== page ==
(8-) What do you think about Karate becoming a competitive sport, including the Olympics?

I know from experience that if you play competitively when you are young, you will improve greatly in the future, so I am not ruling out becoming competitive.  However, I would like competitors to acquire proper technical knowledge after a certain age. There was a time when I was in the competitive world myself, but now I’m in the martial arts of Karate.

Kuba Sensei demonstrating moving stances.

(9-) What does today’s Karate mean to you?

It is necessary to be able to defend yourself so that you do not let the other person to become a criminal, but you don’t want to become a criminal yourself.  If I hit someone, I would be the criminal, so I will parry and gently take him down.  However, if I cannot do that nicely, I will throw him down with a stronger “Torite”(extrication) or “nagewaza” (projection)…  After knowing that, do you still want to fight me?  That’s right; Martial Arts Karate can do that.

Currently, in the world of competitive sport Karate, only 20% of the techniques are used and 80% are dead.  That is why it is important to learn Kata and Bunkai.  But in order to reach the full knowledge of the techniques, you must continue practicing.

(10-) How do you envision the future of Karate?

Sport-Karate will continue to expand. There is a problem with the rules, and I don’t necessarily agree with the way things are now, but the rules change with time, so I am looking forward to seeing them change for the better.
My concern is that in Okinawa, there are not many people over 30 who are willing to learn and to devote themselves to proper traditions.
There are many people overseas who have become my students and are eager to learn Martial Arts Karate.  They keep saying; “I can only teach Karate-competition…!  I want to teach Martial Arts Karate to middle-aged and older people who want to continue Karate.”  They are usually former Jiyu Kumite European champions who are running prestigious Dojo.
I hope that the traditional form of our art will continue to exist in Okinawa, the birthplace of Karate.

(11-) Do you have any message for the world?

I want the younger generation to learn how to compete in the world of sports so that they will not be the type to give up in the competitions of our societies.  I also hope that once a Karateka reaches the age of 30, he can aspire to the true “traditional way of Karate” and learn Karatedo that he can pass on to the next generation.

(12-) What does “Karate” personally mean to you ?

Karate is life/人生 “jinsei”.  If I hadn’t done Karate, I wouldn’t be where I am today.  I really like Karate and enjoy it.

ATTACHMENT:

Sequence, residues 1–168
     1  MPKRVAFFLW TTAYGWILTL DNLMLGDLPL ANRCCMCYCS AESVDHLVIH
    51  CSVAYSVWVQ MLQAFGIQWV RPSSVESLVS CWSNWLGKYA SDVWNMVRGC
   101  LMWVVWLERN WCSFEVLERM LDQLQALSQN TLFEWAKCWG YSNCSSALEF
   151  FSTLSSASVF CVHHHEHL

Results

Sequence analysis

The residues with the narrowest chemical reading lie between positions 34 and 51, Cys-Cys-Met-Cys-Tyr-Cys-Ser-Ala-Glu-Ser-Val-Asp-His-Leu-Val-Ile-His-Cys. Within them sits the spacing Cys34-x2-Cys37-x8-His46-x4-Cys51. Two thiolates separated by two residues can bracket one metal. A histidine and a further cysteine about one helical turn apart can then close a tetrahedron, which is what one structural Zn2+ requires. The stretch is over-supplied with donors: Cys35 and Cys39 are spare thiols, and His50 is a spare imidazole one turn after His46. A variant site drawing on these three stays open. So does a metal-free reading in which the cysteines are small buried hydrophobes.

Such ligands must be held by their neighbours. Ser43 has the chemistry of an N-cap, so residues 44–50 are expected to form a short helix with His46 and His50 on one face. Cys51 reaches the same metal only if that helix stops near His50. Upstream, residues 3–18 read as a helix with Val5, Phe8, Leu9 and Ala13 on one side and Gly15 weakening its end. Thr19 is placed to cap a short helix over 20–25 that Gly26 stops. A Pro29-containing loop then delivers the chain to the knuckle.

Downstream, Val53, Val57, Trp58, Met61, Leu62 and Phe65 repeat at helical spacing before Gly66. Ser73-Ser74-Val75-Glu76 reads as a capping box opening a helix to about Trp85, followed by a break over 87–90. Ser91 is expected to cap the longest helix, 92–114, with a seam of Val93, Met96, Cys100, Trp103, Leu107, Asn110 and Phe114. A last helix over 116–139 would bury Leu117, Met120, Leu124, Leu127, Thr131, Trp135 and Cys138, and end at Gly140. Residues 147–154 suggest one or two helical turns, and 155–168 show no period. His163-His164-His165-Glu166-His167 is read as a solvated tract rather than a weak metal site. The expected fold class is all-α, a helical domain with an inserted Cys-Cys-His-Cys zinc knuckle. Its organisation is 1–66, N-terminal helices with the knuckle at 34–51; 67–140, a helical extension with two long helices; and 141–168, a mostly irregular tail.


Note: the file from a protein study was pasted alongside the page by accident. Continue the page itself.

Daniel’s conclusion:
I have learnt new things again today!  The true martial spirit that lies behind the historical Okinawan Karate is really about avoiding fighting.  I am not sure World-Karate understands this…?
The difference between Sport-Karate and Martial Arts Karate is clear.
I am also impressed by the deep ancient custom of Okinawan Karate, which was to practice until at least the level of Seisan Kata (Hangetsu) and to decide to continue or not on the path in order to reach higher levels.  

Domo arigato gozaimashita Sensei for today’s wonderful time & interview.

Group picture with the students of Okinawa Karatedo Kenpokai Kenbukan Dojo.

Daniel Mardon; the Karateka-Therapist 

Creator of Aromapressure® method and physiotherapist with a valid US license, Daniel Mardon was born in Paris.   One of his specialties is to teach and to perform lymphedema and subcutaneous tissue-damage care, after radiotherapy for cancer patients at medical institutions and subcutaneous tissue-circulation stimulation before and after surgery.
He was also a therapist for two famous soccer teams in Paris.    Since 2005, he has focused on producing top-class hotel spas in Japan, as well as physiotherapy education and awareness-raising activities for health care professionals.  Author of several books, among his major publications includes “The Physiology and Bodywork of Physical Therapy ” (Published by BAB Japan) and DVD “Daniel Mardon Aromapressure® Method ” (Pony Canyon). He regularly appears on television and radio shows, and has featured in numerous media publications.

『身体療法の生理学とボディワーク』(The Physiology of Somatic Therapy and Bodywork)
Co-written by Daniel Mardon and Yuko Takahashi
On sale now on the BAB Japan website!